1. Does the new comprehensive plan reflect your vision for Kenai’s future development?
Brian Gabriel: Yes.
Captured in chapter 6 of the Imagine Kenai 2030 Comprehensive Plan are eight goals of the plan: Quality Of Life, Economic Development, Land Use, Public Improvements and Services, Transportation, Parks and Recreation, Natural Hazards and Disasters, and Environmental Resources.
For each goal, a vision is stated, objectives are identified, and action items are listed. In addition, implementation of the goals are outlined. These goals and objectives, along with the Land Use Plan and Land Use Map, are the basis that should guide the future development of the City.
The Imagine Kenai 2030 Comprehensive Plan was recently approved by the Kenai City Council and reflects my vision of Kenai’s future development because the plan provides for economic development, maintaining a healthy community with a high quality of life for its residents, and mitigating the impacts of commercial development to adjacent residential areas.
Hal Smalley: No! The 2016 Comprehensive Plan is a look alike of the 2013 Plan which was overwhelmingly defeated by voters. Council reintroduced a nearly identical plan for 2016 and held hearings.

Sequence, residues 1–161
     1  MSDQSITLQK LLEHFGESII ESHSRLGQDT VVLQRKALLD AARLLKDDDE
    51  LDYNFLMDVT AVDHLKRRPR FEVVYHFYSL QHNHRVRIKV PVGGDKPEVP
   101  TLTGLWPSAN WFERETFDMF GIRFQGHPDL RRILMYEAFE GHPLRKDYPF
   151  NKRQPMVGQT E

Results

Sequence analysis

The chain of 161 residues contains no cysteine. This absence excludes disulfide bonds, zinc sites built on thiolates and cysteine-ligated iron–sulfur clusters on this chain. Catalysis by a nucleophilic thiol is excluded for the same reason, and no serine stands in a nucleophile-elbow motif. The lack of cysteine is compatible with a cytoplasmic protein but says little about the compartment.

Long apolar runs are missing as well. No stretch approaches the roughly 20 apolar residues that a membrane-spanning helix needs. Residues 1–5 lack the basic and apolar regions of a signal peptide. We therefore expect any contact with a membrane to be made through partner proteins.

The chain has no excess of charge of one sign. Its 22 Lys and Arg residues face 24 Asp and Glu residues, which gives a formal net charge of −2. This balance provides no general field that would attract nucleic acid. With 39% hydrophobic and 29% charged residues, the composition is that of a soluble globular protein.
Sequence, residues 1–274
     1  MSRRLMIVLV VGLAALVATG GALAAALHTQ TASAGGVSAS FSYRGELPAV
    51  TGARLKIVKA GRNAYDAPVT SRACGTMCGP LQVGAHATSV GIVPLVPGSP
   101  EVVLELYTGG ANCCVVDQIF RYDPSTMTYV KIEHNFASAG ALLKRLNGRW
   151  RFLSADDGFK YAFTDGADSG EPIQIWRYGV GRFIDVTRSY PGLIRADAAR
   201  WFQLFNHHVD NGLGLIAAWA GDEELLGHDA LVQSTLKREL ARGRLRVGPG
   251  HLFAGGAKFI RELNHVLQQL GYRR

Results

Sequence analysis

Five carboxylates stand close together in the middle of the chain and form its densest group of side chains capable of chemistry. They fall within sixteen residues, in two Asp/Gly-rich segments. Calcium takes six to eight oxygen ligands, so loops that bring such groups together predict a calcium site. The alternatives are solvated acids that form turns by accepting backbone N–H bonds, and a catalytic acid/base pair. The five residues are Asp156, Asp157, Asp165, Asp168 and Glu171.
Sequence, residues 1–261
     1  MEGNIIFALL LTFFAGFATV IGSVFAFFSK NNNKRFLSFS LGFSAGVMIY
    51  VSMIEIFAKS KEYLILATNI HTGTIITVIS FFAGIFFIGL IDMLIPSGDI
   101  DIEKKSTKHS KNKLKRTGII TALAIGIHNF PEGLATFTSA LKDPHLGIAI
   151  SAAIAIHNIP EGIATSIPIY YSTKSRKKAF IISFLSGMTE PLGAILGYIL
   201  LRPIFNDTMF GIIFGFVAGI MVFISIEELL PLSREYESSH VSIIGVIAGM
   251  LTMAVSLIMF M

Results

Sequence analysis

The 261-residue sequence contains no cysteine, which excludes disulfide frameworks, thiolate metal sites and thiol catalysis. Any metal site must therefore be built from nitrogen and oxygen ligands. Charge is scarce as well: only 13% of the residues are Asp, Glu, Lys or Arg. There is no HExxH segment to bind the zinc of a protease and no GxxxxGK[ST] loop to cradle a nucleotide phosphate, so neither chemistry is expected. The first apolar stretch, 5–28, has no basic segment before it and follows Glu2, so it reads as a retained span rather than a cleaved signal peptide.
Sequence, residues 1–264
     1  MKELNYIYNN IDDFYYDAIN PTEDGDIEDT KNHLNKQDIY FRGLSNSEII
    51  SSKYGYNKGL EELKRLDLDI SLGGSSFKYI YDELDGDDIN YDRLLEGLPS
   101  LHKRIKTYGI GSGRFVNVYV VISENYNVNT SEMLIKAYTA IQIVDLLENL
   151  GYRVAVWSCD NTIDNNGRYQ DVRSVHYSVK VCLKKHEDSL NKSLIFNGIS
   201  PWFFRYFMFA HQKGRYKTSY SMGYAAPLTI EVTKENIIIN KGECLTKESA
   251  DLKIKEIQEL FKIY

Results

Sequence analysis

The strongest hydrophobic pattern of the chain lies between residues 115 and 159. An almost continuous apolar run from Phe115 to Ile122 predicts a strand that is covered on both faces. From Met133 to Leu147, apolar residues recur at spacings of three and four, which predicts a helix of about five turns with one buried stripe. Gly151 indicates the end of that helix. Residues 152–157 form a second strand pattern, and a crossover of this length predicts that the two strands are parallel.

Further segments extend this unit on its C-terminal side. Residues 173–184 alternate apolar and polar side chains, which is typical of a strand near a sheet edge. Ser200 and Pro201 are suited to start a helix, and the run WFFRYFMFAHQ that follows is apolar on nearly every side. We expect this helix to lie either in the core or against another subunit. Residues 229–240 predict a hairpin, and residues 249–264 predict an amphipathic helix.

Again citizen testimony from several areas expressed strong concerns about the same issues which had caused failure of the 2013 Plan: 1) lack of clear language regarding Buffers and Buffer Zones 2) the appearance of Spot Zoning in areas used to force the Comprehensive Plan and Land Use Plan to be in harmony 3) the use of Mixed Use Zones throughout the city may allow commercial development within some residential areas.
This Plan is a critical document which needs to clearly reflect a holistic look at the entire city. Input from elected leadership, those hired and most especially the broader perspective of its residents is what will make it effective and helpful to current and future city development.
2. What, if anything, would you change in the city’s budget?
Gabriel: I believe that the current budget adequately supports the services provided by the City.
The City’s budget is not that much different than your average household budget in that it is always a good idea to “live within your means”. As with your household budget, there will be unforeseen increases to existing expenses that are hard to account for. One area where this plays out in the City’s budget is in employee health care costs. These costs are usually not known until Administration is preparing the budget and can vary substantially. At the June 2016 Kenai City Council meeting to approve this year’s budget, I proposed to restrict a portion of the funds available over fund balance to help account for future increases in employee health care costs.